For standards scheduled to be issued before May 15, 2003, the Part 2 application would be due on May 15, 2003.
For standards scheduled to be issued after May 15, 2003, the Part 2 application would be due 60 days after EPA’s missed deadline.
In effect, this settlement allows for a staggered schedule for submittal of Part 2 applications if EPA misses the promulgation deadlines previously agreed to. Therefore, the settlement represents a more extended schedule than the earlier proposed settlement, which would have required all Part 2 applications to be submitted by May 15, 2003 for any source category for which the MACT was not yet promulgated.
In accordance with the settlement agreement, EPA proposed the new schedule in the December 9, 2002 Federal Register and must issue a final rule by April 27, 2003. EPA still expects to finalize all MACT standards before Part 2 applications are due, and thereby eliminate the need for states to establish case-by-case MACT. However, there are up to 15 MACT standards that may not be finalized before the May 15, 2003 first hammer deadline.
The Clean Air Act Amendments of 1990 required the USEPA to promulgate MACT standards for all listed source categories on a 2, 4, 7,and 10-year schedule, but no later than May 15, 2002. The hammer rule requires sources in categories for which EPA is late to file case-by-case MACT applications. The work required to prepare the applications is somewhat a function of how much work EPA has already done and how close EPA is to promulgating the standard.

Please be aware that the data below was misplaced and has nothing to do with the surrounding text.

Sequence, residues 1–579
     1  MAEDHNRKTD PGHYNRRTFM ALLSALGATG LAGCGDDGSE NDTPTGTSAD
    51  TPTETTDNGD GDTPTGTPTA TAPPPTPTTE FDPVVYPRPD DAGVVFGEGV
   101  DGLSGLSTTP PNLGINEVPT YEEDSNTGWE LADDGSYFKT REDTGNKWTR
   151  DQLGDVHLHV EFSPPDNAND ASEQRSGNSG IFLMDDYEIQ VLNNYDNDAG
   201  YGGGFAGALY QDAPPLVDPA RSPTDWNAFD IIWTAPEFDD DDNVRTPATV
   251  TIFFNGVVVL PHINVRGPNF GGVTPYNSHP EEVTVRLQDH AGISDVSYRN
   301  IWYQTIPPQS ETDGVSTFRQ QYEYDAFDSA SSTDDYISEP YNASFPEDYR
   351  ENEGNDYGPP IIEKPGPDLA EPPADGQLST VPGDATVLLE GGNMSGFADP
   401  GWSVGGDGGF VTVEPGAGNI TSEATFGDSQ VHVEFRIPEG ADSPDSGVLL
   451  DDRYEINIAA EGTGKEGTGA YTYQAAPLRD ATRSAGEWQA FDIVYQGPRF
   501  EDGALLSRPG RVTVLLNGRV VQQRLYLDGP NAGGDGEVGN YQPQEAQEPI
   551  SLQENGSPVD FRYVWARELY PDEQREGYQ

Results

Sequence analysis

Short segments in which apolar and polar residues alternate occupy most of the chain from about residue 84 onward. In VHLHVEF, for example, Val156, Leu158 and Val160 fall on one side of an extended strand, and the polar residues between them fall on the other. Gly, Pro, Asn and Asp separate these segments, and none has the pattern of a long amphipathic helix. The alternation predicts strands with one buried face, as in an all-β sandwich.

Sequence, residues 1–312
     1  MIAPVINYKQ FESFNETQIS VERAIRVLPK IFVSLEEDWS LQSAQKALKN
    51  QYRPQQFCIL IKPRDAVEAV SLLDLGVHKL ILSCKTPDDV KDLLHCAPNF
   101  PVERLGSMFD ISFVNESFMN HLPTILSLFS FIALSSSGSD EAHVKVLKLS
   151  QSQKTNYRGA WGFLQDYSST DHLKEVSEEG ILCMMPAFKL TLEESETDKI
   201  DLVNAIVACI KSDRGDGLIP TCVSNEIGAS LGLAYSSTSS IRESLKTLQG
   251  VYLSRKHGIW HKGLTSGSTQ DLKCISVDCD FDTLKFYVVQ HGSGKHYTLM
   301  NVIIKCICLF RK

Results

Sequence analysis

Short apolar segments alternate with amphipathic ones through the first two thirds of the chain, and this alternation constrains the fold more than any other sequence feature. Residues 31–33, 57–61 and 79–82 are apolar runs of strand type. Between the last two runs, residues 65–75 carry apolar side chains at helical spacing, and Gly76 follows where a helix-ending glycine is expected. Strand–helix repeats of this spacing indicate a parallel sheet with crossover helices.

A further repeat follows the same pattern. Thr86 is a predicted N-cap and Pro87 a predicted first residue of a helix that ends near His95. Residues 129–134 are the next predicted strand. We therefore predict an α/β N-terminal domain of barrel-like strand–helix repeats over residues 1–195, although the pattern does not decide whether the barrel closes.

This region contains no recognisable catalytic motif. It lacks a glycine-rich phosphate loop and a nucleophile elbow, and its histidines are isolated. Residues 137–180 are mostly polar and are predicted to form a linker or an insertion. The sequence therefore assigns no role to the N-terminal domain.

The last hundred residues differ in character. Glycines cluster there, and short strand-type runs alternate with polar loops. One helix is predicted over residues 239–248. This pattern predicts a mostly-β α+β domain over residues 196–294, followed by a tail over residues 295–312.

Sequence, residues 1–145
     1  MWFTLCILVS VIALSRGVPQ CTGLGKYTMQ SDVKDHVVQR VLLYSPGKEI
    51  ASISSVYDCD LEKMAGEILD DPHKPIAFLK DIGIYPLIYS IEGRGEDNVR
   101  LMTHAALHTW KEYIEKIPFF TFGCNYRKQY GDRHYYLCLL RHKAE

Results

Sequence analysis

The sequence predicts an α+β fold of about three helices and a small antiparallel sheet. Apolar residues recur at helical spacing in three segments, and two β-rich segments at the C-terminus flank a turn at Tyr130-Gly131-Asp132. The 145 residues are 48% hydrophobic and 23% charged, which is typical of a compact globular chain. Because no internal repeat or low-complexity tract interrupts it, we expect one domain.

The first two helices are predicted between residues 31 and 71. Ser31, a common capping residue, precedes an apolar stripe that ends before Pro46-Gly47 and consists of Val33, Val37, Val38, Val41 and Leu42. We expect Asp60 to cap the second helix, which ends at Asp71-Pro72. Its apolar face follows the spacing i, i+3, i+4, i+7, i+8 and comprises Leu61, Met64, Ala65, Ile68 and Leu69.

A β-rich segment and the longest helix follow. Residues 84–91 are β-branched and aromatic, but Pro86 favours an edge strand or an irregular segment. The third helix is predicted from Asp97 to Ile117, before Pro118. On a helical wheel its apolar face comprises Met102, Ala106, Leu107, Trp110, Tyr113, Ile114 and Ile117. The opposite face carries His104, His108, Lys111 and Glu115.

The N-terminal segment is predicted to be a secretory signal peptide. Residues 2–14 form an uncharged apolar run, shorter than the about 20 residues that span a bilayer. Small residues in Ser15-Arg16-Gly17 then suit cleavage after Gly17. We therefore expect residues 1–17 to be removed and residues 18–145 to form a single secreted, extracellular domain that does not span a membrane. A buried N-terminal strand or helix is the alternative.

What Needs To Be Done?
For those source categories with a May 15, 2003 deadline for submittal of Part 2 applications, it is imperative to start preparation of the Part 2 application now. The Part 2 MACT Application must be submitted to the state air permitting authority by May 15, 2003 unless EPA finalizes rule promulgation for these sources. **